The 2010 explosion on the DeepwaterHorizon Macondo oil well drilling platform triggered a massive oil release polluting over 1,300 miles of shoreline along the Gulf of Mexico. The harm from the spill to coastal salt marsh habitat was extensive, and in some instances, permanent. NOAA’s Office of Response and Restoration along with other federal and state agencies measured the spill’s effects and created a restoration plan as part of the Natural Resource Damage Assessment (NRDA).
NOAA’s Office of Response and Restoration (OR&R) works with federal, state, and local agencies to prepare for, respond to, and assess the risks to natural resources following oil spills and hazardous waste releases. Often, OR&R also collaborates with Native American tribes to ensure that response, assessment, and restoration efforts fully address the needs of all communities.
Water pollution comes in many forms, from toxic chemicals to trash. The sources of water pollution are also varied, from factories to drain pipes. In general, NOAA’s Office of Response and Restoration (OR&R) classifies water pollution into two categories; point source and non-point source pollution.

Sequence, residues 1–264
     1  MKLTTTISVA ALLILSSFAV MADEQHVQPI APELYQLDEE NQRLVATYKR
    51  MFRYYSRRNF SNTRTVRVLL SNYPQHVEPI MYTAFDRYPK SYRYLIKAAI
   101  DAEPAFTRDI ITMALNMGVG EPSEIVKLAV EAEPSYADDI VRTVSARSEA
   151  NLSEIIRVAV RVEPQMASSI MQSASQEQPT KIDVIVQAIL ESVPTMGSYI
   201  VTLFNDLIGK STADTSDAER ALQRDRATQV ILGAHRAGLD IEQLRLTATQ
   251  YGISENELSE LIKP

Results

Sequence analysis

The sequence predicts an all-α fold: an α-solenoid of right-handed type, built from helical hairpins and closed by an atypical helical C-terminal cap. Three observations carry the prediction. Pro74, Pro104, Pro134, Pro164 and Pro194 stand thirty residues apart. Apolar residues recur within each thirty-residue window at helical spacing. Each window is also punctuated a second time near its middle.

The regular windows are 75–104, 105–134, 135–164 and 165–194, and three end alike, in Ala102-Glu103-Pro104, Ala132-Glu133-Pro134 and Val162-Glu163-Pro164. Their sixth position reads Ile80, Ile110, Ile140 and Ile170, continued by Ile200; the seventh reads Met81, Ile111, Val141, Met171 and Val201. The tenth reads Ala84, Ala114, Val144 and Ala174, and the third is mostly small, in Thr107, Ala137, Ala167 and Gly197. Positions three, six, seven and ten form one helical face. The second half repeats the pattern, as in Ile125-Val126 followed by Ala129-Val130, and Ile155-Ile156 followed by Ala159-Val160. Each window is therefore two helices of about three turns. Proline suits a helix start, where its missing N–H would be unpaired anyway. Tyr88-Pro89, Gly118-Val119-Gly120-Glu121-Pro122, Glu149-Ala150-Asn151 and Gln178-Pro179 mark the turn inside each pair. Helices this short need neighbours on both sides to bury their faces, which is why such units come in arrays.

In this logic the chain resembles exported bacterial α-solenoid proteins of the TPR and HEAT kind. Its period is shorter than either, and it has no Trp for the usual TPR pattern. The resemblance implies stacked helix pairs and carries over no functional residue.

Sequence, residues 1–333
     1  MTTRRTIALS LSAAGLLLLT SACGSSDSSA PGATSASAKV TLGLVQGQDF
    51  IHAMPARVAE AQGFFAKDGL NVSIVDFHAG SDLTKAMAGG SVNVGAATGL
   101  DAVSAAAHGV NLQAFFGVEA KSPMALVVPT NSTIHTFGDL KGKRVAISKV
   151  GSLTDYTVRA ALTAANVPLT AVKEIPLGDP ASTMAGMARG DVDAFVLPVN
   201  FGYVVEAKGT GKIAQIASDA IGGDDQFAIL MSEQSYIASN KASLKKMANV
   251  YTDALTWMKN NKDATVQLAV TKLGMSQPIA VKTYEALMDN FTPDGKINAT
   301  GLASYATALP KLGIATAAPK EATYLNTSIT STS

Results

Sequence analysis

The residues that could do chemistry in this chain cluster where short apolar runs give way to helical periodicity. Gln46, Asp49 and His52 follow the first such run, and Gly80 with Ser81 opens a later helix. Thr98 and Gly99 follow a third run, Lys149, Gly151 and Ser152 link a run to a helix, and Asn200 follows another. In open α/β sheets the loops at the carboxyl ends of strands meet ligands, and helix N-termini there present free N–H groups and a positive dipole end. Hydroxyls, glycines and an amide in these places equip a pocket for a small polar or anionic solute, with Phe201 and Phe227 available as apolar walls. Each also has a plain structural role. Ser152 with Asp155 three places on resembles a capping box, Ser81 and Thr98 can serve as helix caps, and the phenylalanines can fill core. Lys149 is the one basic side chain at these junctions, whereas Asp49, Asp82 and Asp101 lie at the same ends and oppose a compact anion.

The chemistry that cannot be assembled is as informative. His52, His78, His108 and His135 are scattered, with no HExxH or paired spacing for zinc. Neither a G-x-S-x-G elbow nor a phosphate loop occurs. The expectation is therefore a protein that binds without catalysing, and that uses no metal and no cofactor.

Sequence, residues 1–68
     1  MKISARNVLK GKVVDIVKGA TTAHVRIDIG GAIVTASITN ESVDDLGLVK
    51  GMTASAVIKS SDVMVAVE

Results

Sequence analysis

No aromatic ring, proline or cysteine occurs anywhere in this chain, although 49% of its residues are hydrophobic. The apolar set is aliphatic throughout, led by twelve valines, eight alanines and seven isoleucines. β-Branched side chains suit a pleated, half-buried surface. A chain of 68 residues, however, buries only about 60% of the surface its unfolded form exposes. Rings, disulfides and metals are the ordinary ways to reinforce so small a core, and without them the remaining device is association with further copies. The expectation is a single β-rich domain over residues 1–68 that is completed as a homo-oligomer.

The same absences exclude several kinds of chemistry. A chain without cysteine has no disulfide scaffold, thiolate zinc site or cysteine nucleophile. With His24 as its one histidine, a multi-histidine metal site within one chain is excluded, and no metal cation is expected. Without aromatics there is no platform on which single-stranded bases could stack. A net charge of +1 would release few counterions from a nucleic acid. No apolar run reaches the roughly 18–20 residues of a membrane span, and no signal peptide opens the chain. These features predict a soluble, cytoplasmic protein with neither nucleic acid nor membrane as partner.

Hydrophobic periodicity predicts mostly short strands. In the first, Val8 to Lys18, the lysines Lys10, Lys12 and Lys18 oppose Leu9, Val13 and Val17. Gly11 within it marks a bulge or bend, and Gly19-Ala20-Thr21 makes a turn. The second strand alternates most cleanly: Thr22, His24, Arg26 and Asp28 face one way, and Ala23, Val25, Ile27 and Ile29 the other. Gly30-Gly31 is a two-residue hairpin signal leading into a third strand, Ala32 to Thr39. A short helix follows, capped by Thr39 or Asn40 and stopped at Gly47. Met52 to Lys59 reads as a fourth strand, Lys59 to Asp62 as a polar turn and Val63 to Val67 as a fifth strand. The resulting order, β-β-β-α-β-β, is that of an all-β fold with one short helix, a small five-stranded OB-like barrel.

1976: A Winter of Ship Accidentsalyssa.dillonThu, 11/10/2016 - 14:28
The winter of 1976-77 was a bad time for oil spills in the United States. I was still in middle school, but I remember doing a science report on oil spills. In a short time period there were multiple major oil spills, including these:
The Pacific States/B.C. Oil Spill Task Force has updated its West Coast crude oil transport map. The map depicts the routes of crude traveling by rail, tanker vessel, pipeline and barge across the western states and British Columbia. It also captures the locations of current and proposed facilities, refineries and terminals. The rapid growth in crude by rail transport has highlighted response and preparedness gaps along the rail line.
North America’s Great Lakes contain 6 quadrillion gallons of freshwater within the five lakes of Superior, Michigan, Huron, Erie, and Ontario. With roughly 20 percent of the world’s surface freshwater, the Great Lakes are the world’s largest freshwater system, and contain enough water to cover the entire lower 48 states to a depth of almost 10 feet.